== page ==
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Peerless

E very so often a set of cards appears

which has something different to say. There is nothing wrong at all with sports cards and there is nothing wrong with film cards. Indeed there is nothing wrong with dog cards but even I get weary of steak, chips and chocolate ice-cream (although my tolerance is exceptionally high due to a prolongued food habit). Every so often I might like pork chops, roast potatoes and chocolate ice-cream.

I once saw a kind of family tree thing for dogs and how all the breeds were inter-related in some fashion and in the middle there was a dog breed which had no connection with any other. Cannot remember what it was called, it was so long ago the image is almost myth in the memory. It returns unbidden every so often along with a thousand other thoughts blowing about the empty highways of my mind.

Some cards are like that lone dog breed, they seem to spring from nowhere, have very little or no relation to anything else which went before or indeed after. There is a strange fascination with such things for me.

The UK market was reasonably staid in its approach to card subjects (so what's new). But this is not what we are going to be looking at in this page.

Liebig is the card issuer of choice and it has been a while since I put hands to keyboard on this subject and given the interest that people have shown in the recent offers I have made on them it seemed a good idea to give another flavour of Liebig.

Liebig issues hold some of the strangest ideas of all cards and there is true originality in sets such as Toothless Mammals [1914]. There was also the cutting edge stuff if rather hopeful, Travel one hundred years ago and now [1904]. Then there is the bizarre such as Interesting places near Paris [1912].

There is always the advantage that usually only six cards were produced so almost any subject was possible without the need for a lot of head scratching needed to fill the gaps between card one and card 50. Still you do wonder how six cards are squeezed out of such thin gruel as Transporting Liebig by Elephant [1925].

All the colours of the rainbow (almost)

Once you start looking at some of the sets it becomes clear they could produce six cards on just about any subject that was thrown at them by the simple trick of working around the theme. Actually to suggest some cards were tangental in nature is a bit of an understatement as the titles leave you really none the wiser as to what is going on.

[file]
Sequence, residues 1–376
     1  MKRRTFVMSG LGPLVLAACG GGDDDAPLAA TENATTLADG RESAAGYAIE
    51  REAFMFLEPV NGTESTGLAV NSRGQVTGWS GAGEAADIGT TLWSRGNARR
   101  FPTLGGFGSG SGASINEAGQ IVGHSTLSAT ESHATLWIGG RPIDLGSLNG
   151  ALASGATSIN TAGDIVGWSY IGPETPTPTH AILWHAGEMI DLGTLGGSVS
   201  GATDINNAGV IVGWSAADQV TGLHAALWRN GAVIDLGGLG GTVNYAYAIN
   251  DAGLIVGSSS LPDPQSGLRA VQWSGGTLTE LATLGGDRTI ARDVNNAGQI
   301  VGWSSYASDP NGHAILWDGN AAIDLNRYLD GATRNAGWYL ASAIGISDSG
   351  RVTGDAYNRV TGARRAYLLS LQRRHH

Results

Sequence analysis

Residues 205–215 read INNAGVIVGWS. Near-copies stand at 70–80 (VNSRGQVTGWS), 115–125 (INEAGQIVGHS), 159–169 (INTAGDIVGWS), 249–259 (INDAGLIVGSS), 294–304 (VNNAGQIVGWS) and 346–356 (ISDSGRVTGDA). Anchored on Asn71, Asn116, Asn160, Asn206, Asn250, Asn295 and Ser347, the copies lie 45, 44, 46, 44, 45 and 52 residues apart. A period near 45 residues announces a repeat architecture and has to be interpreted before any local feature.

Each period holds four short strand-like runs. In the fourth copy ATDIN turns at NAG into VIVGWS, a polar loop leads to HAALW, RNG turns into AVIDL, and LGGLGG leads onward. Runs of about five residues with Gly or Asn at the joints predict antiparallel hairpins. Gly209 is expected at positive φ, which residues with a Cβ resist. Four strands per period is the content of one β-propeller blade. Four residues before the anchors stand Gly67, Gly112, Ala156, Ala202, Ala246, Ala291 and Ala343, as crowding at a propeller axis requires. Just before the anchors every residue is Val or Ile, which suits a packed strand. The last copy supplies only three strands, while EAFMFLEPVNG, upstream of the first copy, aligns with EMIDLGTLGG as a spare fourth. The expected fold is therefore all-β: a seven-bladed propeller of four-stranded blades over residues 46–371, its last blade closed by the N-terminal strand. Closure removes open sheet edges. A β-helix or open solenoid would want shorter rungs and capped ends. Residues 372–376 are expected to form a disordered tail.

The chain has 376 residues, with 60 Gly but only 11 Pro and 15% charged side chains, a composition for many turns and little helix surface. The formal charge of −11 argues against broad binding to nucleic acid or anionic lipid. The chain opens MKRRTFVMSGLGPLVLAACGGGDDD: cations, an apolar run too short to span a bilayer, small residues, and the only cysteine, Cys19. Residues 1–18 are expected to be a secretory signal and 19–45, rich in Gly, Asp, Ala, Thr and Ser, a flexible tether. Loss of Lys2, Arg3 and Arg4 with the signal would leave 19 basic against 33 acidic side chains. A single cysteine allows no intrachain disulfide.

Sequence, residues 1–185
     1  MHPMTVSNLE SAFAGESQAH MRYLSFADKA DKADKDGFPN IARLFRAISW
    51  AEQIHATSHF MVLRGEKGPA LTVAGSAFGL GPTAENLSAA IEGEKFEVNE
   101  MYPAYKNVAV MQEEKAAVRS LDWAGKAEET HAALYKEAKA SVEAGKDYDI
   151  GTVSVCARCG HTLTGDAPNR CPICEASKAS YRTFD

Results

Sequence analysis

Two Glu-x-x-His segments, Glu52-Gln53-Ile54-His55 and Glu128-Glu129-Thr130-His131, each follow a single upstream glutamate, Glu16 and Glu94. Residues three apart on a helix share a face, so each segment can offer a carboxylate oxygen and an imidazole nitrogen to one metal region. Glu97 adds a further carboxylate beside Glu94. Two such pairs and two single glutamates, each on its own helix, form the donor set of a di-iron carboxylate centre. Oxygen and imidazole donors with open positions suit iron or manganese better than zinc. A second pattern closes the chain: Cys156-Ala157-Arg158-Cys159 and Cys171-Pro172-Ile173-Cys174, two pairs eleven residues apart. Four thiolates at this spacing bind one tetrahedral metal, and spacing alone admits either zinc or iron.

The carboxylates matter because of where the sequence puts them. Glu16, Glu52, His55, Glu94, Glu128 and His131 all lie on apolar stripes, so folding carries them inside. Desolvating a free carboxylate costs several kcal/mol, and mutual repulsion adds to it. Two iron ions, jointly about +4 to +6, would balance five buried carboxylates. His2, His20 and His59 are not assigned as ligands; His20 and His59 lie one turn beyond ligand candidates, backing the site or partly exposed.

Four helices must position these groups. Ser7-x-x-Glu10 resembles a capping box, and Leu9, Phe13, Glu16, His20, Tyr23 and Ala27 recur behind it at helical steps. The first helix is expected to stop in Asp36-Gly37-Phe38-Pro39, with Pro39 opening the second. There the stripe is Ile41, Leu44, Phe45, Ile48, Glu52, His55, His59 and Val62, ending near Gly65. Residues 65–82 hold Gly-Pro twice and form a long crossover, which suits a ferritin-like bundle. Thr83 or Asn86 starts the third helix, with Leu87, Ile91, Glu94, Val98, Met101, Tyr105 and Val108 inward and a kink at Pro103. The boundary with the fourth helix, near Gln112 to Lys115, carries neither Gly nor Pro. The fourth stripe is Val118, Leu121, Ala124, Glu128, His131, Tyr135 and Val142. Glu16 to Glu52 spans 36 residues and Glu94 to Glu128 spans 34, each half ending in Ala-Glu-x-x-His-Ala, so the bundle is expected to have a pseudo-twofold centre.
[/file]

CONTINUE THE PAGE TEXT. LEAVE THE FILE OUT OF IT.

You only have to see the way they treat the seemingly tedious title, Colours of the Rainbow [1901] to understand almost everything you need to know about the cards. The title is un-inspiring, I doubt it was a subject covered before and the fact they missed a colour out seems not to matter at all.

Amusement can be had with some of these titles because of the translation process that is going on. Liebig cards are rarely in English so meaningful titles can somehow get lost in the wash. In fact it sometimes seems as if someone has just looked at the pictures and decided what to call the set.

For example the set, Scenes with Large Pots [1890] is a lot more understandable when you see that it could not really have ever been called anything else. There are no surprises what the large pot is advertising either. So 'popular' was this theme that a second set had to be produced.

You could consider this a weakness of the Liebig card but surely anyone that has seen these wonders cannot fail to be impressed, the printing is top drawer and the artwork is well beyond the need for something which was basically given away.

Every so often the Liebig firm felt there the six card limit was restrictive (although The Days of the Week [1905] was not considered reason enough for a set of seven cards). In these instances they would issue 12 cards. Whenever this happened it was perhaps the most unlikely of sets getting this 12 star treatment. Development of Commerce and Industry [1910] is a six card subject but Life Among the Congolese People [1934] is a 12 card subject as is Alphabet (Female National Costumes) [1900]. The World of Greek Mythology [1896] only gets 6 card treatment.

On even rare ocassion there are 18 card series The Italian Empire [1937] gets such extravagant treatment.

Other sets avoided the six card limit by being returned to like old friends time and time again. History of France was obviously popular stuff (no surprise considering they were issued in France). In 1893 out came the first six cards to be followed by sets in 1894, 1897, 1898, 1900, 1902, 190 and 1910. By 1892 Puzzles (hidden objects) had reached a 13th series and by 1899 it was into a 23rd series.

For the most part though subjects seem to be condensed into six cards and even the Reduced Shakespeare Company would be impressed that Great Greek Tragedies [1931] can be done on the back of six cards with prominent space for Liebig advertising as well. Actually any number of Opera's can be found on these cards, a reflection of the time and place many of these cards were produced and perhaps a certain higher brow fixed on Liebig as not for him endless series of 'Beauties' wearing as little as was indecently possible during the period.

Variety though is the real key to these cards. Look down a list of cigarette card titles and all the usual well-loved subjects are there but look down the 2000 odd sets of Liebig and there is always something waiting to surprise you. Preparation of Rose Essence [1908]. Makes you just stop and wonder quite why the subject was choosen and at the same time are pleased that it was.

Liebig represents a lot of collecting and a lot of fun and certainly well worth seeking out although beware; if you already have a bad cigarette card habit it might be best you did not start looking at Liebig as well. There have been times when my stomach has been rumbling from lack of food whilst I looked at tens of thousands of pounds of cards.